Just take a look at all those removed photos which were replaced by “apologies” by the authors of the comments. Only that precious few of them are actual apologies. When it all began, the blog set out some very harsh requirements for getting the offending picture and comment removed. It included posting a more or less groveling message with the author stating that he/she is aware of how wrong their actions were and to promise never to do it again. The requirements have since been loosened to disowning the comment via a short explanation. And now you’ve got everything, from “I was drunk” to “I’ve no job” to “I was afraid for my family” to “I’m angry there’s so much social injustice in Slovenia”… It’s quite an impressive list of non-apologies. Everyone’s got an excuse for being an asshole. And suddenly, that’s alright.
Well, fuck it. It’s not alright. And it goes to show that naming and shaming, while silencing some people does precious little to change people’s hearts. Because these people are going to get drunk again. They are still going to be afraid (no matter how baseless their fears are), they are still going to look for someone to blame for the situation (social or otherwise) they’re in. And since they can’t take it out on refugees, they’ll take it out on someone else. Women. The Roma. Socialists. LGBT community (there’s a nice one, with the referendum on same-sex marriage coming up and all). People with brown eyes. You name it. The list (sic!) is endless.
Just how bad an idea Zlovenija was, is aptly demonstrated by the fact that it has jumped into the offline world, with pictures being printed in large format and plastered in public venues. Seriously? How is that suppose to be educational? Not to mention that the author(s) of the blog remain anonymous, while the authors of hate-speech comments are up there with their names and pictures. I mean, if you’re going to out people, at least have the decency to put your own name to it.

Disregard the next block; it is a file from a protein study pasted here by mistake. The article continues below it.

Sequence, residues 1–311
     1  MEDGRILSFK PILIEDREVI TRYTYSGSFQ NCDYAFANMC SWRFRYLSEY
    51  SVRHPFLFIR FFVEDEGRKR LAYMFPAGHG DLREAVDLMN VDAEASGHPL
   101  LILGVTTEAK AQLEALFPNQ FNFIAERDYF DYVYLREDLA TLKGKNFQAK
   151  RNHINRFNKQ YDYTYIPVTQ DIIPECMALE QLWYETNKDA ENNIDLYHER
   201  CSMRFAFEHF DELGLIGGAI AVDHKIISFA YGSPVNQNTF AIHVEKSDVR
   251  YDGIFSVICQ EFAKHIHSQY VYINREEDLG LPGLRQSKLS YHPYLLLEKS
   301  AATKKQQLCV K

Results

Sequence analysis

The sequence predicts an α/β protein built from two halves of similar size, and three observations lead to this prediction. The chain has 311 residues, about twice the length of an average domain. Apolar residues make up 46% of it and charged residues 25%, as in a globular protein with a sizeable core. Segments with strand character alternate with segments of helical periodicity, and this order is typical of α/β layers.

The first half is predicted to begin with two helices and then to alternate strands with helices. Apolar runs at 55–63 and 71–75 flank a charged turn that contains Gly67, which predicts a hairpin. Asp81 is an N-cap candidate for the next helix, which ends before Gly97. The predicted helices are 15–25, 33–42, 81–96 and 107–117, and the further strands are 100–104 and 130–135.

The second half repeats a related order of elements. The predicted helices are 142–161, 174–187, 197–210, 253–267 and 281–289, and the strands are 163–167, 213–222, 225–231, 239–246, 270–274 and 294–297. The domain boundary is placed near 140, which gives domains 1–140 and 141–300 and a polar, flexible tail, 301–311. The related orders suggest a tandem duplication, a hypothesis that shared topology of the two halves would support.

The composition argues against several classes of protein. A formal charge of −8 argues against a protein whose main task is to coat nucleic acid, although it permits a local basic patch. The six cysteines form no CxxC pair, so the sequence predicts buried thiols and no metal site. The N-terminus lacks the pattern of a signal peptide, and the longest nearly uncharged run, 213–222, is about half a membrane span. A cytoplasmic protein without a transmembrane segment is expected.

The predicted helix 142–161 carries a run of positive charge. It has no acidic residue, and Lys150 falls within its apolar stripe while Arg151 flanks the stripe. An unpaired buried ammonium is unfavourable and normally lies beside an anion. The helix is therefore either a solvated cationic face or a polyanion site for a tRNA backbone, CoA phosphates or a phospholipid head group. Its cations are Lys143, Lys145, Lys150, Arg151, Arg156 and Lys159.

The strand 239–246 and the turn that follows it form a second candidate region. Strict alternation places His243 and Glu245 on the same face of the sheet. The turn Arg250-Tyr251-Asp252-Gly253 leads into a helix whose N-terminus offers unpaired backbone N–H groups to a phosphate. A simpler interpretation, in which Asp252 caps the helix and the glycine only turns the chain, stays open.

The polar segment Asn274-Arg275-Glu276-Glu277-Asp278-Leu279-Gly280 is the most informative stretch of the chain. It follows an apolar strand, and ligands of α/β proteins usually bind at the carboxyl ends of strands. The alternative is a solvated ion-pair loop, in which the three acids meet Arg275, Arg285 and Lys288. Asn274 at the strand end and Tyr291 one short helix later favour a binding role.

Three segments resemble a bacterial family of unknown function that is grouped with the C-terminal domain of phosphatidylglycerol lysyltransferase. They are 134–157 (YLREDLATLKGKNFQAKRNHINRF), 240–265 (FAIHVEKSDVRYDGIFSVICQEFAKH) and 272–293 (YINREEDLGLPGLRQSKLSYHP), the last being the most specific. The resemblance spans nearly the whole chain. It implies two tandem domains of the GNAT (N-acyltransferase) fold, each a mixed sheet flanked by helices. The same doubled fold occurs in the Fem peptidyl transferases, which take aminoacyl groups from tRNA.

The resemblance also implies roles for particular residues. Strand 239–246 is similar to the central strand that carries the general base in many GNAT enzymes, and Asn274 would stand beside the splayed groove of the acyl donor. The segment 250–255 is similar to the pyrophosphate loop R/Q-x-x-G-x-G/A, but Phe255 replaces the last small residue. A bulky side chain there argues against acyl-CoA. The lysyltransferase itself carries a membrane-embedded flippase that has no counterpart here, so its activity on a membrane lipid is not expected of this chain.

How to go about hate-speech, then? Tricky. But as a journo colleague Lenart Kučić tweeted, there are no shortcuts. First and foremost, there’s the legal framework. Hate-speech is a punishable offence. Therefore, reporting it to the authorities is a must. Blogs like Zlovenija are nothing but a form of digital vigilantism that can only end in tears. Sure, Facebook is being an asshole and is often refusing to remove plainly abusive comments. But fuck Facebook. Use Slovenian Criminal Code instead.
But it does not stop there. What is needed is compassion. Despite plenty of hate speech on social media, there were a lot of good deeds in real life. People volunteered to help with the Civil Defence and Red Cross. Other people donated food, clothes, basic shelter. The police and the army are earnestly trying to keep the situation in balance the best they can. In short, there seems to be not a bad guy in the field. All of which makes the couch-Nazis look despicable, irrelevant and sad.
Point out the good thigs and you’ll see there is more than enough to counter the bad things.
But trying to “teach them a lesson” is not a good thing. Because rest assured that lessons will not be learned. Or rather, lessons that will be learned will be on avoiding detection and plausible deniability, they will not be on compassion. In that respect, Zlovenija only compounds the problem, it does not help solve it one tiny bit.